Ruskin Park Wildlife Garden Upgrade Works

We’ve spent this week in the beautiful Wildlife Garden at Ruskin Park in Camberwell. The amazing spring weather certainly helped, but this garden space is a gorgeous place to spend time in any weather!

The Friends of Ruskin Park asked us to carry out some upgrade works in the garden, so that a new bog area could be developed. Ruskin Park is sited on top of natural springs, which means that the ponds there have never had to be manually topped up, but it also causes some problems – in particular in the wildlife garden which is at the lower end of the park, and gets extremely waterlogged during the winter months. To mitigate against that, FoRP recently employed Froglife to create new scrapes – shallow areas of land that have been dug away and act as water storage, as well as providing a great spot for birds to drink and wash during the summer!

We met with FoRP last month to discuss what other works we could do for them to actually take the problem of the saturated ground and run with it to create even more wetland habitat for wildlife! We decided to change the route of the path that runs to the west of the pond, and take it up onto higher ground, while blocking the lower track from access by humans, thus creating a new bog area, that we will plant up later in the spring.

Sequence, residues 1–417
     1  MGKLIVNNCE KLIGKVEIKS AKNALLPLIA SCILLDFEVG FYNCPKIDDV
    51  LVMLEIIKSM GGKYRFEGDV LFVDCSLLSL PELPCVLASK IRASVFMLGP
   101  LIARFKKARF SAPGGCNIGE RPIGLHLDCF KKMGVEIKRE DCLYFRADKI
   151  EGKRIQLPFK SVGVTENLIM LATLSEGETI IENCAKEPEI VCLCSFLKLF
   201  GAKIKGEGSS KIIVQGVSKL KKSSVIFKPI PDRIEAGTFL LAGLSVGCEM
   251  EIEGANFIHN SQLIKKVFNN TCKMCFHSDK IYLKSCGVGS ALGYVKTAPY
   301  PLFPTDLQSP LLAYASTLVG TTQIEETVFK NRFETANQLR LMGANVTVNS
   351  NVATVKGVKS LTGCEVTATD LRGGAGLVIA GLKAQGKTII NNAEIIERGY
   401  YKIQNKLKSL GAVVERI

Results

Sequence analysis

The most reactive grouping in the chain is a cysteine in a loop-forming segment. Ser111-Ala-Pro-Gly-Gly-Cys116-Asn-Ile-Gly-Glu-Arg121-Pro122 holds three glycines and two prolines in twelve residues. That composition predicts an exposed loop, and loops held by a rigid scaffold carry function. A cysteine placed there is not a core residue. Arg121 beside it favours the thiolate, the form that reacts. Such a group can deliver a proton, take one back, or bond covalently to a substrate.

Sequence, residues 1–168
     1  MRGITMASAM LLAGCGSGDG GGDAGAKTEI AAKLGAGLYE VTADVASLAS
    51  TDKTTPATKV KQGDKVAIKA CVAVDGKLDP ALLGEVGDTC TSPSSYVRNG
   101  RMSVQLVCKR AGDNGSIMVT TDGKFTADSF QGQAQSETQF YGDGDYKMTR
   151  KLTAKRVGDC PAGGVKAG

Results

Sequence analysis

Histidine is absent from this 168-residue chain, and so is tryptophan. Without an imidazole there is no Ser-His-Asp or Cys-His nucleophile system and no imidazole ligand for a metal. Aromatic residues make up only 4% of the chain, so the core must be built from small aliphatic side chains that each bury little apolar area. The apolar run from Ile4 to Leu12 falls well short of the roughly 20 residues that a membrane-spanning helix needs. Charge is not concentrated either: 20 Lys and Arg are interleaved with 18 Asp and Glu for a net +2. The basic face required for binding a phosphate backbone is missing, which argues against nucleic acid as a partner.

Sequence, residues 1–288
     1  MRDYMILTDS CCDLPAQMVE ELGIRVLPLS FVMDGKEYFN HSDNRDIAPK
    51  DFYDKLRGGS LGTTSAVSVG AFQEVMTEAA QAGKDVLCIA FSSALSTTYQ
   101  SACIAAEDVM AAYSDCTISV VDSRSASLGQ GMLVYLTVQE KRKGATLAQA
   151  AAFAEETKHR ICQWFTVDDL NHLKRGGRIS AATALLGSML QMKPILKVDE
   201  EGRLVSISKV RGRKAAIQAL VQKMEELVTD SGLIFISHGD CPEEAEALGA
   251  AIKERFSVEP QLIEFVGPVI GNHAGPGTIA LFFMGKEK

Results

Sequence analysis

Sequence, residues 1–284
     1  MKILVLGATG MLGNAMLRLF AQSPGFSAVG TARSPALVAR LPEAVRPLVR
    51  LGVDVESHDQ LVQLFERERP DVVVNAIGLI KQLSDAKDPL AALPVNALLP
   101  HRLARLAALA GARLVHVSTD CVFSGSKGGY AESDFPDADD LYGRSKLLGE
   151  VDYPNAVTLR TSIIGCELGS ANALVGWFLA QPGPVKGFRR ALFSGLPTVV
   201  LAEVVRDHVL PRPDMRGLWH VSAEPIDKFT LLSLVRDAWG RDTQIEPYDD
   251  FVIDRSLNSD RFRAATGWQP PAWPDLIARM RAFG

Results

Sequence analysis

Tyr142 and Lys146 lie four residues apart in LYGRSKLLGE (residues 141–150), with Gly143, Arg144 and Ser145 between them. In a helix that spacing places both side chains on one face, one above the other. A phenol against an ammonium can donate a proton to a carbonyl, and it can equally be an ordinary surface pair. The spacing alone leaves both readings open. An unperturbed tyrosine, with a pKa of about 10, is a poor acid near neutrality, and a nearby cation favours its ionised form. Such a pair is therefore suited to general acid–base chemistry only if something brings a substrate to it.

We created the new path by digging a track out of the ground cover grass, and filling with woodchip as a temporary fixture until the track becomes well trodden by visitors and the woodchip is no longer needed. We built a couple a couple of steps down from the upper path to the pond dipping platform. We also raised the ground level to meet the base of the dipping platform, creating a hibernaculum beneath while we were at it!

We redirected the bridge over the small stream, to encourage people to walk the new path, and we planted some loosestrife at either end of the new bog area – we’re hoping this grows tall and discourages people from walking through here.

While we were working in the garden, the team from Lambeth Landscapes also joined us for a day – they did a big clear out of overgrown plants in the pond itself, as well as cutting out bramble from the perimeter of the garden.

We are now working with FoRP to write content for a new lectern at the entrance to the wildlife garden, so that visitors will be able to understand each of the habitats, and learn about which wildlife they support.

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